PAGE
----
I sat down to write this post having no idea, whatsoever, that it was going to be exactly five years, five months and five days. Maybe that means something? I have no idea. But those of you with a love of numbers and their significance can enjoy that little tid bit.
I sat down to write it because after all this time, I still don't like it. I don't like doing it. I don't like what it asks of me. I don't like facing my own issues to be a better parent for my kids. I absolutely, positively cannot stand to pace myself and know that some of the struggles we are juggling will be life-long.
I can't remember how this concept landed in my brain, and I will happily give credit to whomever may have suggested it to me: mini funerals. I encourage others to do the same. Most of us are surrounded by a world and society that constantly tries to avoid the negative feelings. Yet, when you are having to learn an entirely new way of parenting, and your child is having to learn an entirely new way of coping and surviving, to say you feel "sad" seems like the understatement of the century.
I have, and continue to experience deep, difficult grief from time to time.
I don't like this. I don't want to do it. It looks nothing, at all, like what I thought it was going to be. Granted, our kids could say the exact same thing. Based on their individual struggles and histories, they had fine-tuned survival skills within themselves and they were working. At the time. They no longer need them, but they hate it. They don't want to change.
I've learned to stop and focus on myself. My own sadness. My own grief. I have learned to say it out loud, even if it makes some people uncomfortable. I don't do it at parties, of course, but when asked, I am much more quick to say, "This week has been hell. And I'm sad. I sure would like a break from it. Maybe next week."
I have mini-funerals. I light a candle, pour a glass of wine, cry, write down what I feel like I've lost, write down the vision that has never happened, tear it up, burn it, flush it, stomp on it, read it out loud, keep it to myself, think it instead of write it, don't cry, curse, sit silently ... whatever and however I need to, I let the feelings wash over me. I feel them. I don't fight them. I roll around with them and let them happen and exist. I let myself be good and sad. Mad. Disappointed. Hurt. You name it, I've probably felt it.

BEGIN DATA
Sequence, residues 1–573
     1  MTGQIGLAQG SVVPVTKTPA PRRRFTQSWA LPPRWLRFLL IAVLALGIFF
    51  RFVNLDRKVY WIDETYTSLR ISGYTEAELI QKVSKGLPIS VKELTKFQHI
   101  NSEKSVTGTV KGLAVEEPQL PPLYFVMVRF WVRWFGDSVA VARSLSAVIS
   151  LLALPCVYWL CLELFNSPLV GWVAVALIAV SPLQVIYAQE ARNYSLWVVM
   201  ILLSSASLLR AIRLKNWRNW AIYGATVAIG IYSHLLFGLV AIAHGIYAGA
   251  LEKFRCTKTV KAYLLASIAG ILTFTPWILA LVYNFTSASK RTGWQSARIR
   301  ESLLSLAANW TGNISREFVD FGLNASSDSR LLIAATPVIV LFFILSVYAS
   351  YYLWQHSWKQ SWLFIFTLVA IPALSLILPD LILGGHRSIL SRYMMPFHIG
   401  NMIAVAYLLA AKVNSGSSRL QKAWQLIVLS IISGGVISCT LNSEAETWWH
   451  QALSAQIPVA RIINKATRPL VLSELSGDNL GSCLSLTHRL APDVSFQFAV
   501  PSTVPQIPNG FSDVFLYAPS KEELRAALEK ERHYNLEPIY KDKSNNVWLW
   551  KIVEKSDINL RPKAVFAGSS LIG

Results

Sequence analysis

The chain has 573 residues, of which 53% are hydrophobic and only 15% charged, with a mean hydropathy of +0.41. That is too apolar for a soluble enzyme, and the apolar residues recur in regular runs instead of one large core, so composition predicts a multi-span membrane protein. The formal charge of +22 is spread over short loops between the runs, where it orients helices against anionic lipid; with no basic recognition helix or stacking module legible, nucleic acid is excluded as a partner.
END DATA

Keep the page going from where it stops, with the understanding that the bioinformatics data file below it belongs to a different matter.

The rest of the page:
It just so happened that this week everyone was posting the video below from Louis CK. The focus is cell phones, but his thoughts about sadness are brilliant.
"Life is tremendously sad, just by being in it."
"I got that sad feeling, and I started to reach for the phone and I thought, 'Ya' know - don't. Just be sad ... stand in the way of it and let it hit you like a truck.'"
This isn't just true for parents with struggling, healing kids. It's true for all of us. Sometimes we need to feel our feelings so we can work through them. We all need (truly need) to give the bad stuff time and space. Only then can we start to have power over those feelings. Strip them of the authority we've given them in our lives.
Oh, and also, no matter how much I may be thankful after I've grown, changed and healed, I'd still prefer to do it without all this hard stuff.
I'm gonna' go light another candle.